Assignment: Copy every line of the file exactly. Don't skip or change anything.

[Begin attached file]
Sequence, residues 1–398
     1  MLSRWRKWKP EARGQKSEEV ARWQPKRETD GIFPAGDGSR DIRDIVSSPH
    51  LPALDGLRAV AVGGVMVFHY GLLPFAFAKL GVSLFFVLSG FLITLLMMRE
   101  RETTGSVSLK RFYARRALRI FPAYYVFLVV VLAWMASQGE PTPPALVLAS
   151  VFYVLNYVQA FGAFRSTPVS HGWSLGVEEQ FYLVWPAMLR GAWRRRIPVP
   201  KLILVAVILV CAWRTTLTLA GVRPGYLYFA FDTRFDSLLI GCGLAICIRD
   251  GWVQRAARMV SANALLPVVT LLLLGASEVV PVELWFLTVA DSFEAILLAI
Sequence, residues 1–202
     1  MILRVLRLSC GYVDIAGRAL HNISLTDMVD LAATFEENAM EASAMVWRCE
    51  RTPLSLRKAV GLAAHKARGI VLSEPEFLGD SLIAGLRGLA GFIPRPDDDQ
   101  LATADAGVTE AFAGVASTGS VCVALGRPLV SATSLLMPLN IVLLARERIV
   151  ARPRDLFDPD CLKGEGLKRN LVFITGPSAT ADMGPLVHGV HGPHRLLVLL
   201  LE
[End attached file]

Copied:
Sequence, residues 1–398
     1  MLSRWRKWKP EARGQKSEEV ARWQPKRETD GIFPAGDGSR DIRDIVSSPH
    51  LPALDGLRAV AVGGVMVFHY GLLPFAFAKL GVSLFFVLSG FLITLLMMRE
   101  RETTGSVSLK RFYARRALRI FPAYYVFLVV VLAWMASQGE PTPPALVLAS
   151  VFYVLNYVQA FGAFRSTPVS HGWSLGVEEQ FYLVWPAMLR GAWRRRIPVP
   201  KLILVAVILV CAWRTTLTLA GVRPGYLYFA FDTRFDSLLI GCGLAICIRD
   251  GWVQRAARMV SANALLPVVT LLLLGASEVV PVELWFLTVA DSFEAILLAI
Sequence, residues 1–202
     1  MILRVLRLSC GYVDIAGRAL HNISLTDMVD LAATFEENAM EASAMVWRCE
    51  RTPLSLRKAV GLAAHKARGI VLSEPEFLGD SLIAGLRGLA GFIPRPDDDQ
   101  LATADAGVTE AFAGVASTGS VCVALGRPLV SATSLLMPLN IVLLARERIV
   151  ARPRDLFDPD CLKGEGLKRN LVFITGPSAT ADMGPLVHGV HGPHRLLVLL
   201  LE